Grocers planning capital expenditures on refrigeration can capture savings as they spend

It’s the time of year when grocers focus on upgrading or repairing equipment to improve operations, aiming to make the most of allocated capital expenditure budgets.

One of their go-to options is a refrigeration system upgrade — a capital expenditure project that can be accomplished in a relatively short time, and without major construction. Plus, it sets up a store for more modernization down the road.

But as grocers plan to spend capex on refrigeration upgrades, they also should take time to consider savings, advised Leigha Joyal, an energy analyst for Hillphoenix. “It’s important to maximize the dollars you’re spending now by leveraging rebates and incentives that can offset the cost of a refrigeration upgrade by as much as 40%. It’s also important to understand how much you’re likely to save on energy and water bills in the future.

“The total potential savings boosts the business rationale for spending current-year capex dollars on refrigeration system upgrades,” said Joyal, an expert on rebates and incentives available through utilities nationwide.

Joyal is part of a team of engineers and technicians who work with supermarkets planning refrigeration upgrade projects. The team scopes out each project, which can vary in length from a few weeks to a few months, depending on the size of the store and the state of existing equipment.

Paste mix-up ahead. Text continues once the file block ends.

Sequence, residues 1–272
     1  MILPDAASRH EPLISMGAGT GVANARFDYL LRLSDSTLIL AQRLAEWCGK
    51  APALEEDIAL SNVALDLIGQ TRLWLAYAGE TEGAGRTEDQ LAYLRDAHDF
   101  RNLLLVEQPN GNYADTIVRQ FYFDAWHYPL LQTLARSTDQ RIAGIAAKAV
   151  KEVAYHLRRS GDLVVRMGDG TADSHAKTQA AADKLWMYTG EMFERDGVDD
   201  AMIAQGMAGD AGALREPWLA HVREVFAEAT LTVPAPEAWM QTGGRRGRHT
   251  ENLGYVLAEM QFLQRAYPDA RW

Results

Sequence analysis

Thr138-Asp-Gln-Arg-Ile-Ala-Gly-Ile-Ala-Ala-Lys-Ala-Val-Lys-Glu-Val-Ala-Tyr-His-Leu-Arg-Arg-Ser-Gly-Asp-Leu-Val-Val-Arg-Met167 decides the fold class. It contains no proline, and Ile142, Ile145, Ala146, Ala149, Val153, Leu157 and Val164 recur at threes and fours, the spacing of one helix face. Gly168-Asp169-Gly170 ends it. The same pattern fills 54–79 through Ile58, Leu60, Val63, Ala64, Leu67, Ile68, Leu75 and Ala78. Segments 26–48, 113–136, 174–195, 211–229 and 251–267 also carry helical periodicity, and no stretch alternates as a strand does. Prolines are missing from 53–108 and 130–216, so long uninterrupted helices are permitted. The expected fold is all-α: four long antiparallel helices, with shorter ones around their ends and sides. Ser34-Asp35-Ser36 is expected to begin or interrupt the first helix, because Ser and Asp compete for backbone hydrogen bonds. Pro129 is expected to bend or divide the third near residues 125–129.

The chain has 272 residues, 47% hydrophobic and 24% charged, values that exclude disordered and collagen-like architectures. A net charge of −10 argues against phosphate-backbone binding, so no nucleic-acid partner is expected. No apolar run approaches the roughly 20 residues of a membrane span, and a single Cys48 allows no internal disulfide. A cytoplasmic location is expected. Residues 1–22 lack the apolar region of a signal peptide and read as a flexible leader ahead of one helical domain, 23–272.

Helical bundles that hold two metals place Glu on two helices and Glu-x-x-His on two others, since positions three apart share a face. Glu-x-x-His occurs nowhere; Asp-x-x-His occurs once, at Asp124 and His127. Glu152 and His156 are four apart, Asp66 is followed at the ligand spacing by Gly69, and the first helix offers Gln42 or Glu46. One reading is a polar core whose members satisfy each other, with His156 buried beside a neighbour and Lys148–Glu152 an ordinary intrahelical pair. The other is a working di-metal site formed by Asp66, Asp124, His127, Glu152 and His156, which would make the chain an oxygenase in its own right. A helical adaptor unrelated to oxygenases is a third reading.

The most cost-effective projects, ones most likely to meet return-on-investment (ROI) and other internal standards, involve changing out old single-condensing refrigeration units, Joyal said. But there’s plenty of savings to be had from any refrigeration modernization. She offered two recent real-world examples that highlight the potential:

Massachusetts supermarket replaced more than 40 single-condensing units with three modern, parallel refrigeration racks.

Store size: 40,000 square feet

Length of project: completed in phases over 9 months

Project cost: $234,800

Electric utility incentive/cost offset: $90,000

Annual energy savings: $107,996 (consumption dropped by 799,967 kilowatt hours, kWh, per year at a cost of 13.5 cents per kWh)

ROI: 1.34 years

Southern California supermarket replaced a water-intensive evaporative-cooling refrigeration rack with a new air-cooled rack.

Store size: 25,000 square feet

Length of project: about 4 months

Project cost: $265,000

Electric utility rebate: $40,000

Annual energy savings: $69,469 (consumption dropped by 463,126 kWh per year at a cost of 15 cents per kWh)

Water utility rebate: $8,000 

Annual water conservation: 2 million gallons, saving $18,372 per year

ROI: 2.47 years

Modernizing a supermarket refrigeration system offers a range of long-term benefits, Joyal said. “New systems require less maintenance and offer flexibility. They also can be easily adapted to accommodate future store redesigns or expansions.

“Upgrades also move grocers to lower global-warming potential refrigerants that cost much less,” she said. “What’s more, an upgrade that converts a supermarket to a sustainable CO2 refrigeration system protects that store against refrigerant phase outs, fines and future regulatory requirements and penalties associated with synthetic refrigerants.”

As grocers look for ways to spend their remaining 2016 capex dollars on new refrigeration systems, it’s “essential for them to work with a supplier who can guide them toward well-planned upgrades and help them capture all potential savings and benefits,” Joyal said. “And they need a supplier who can help them accomplish all of this before their budget cycle ends.”

Source: Supermarketnews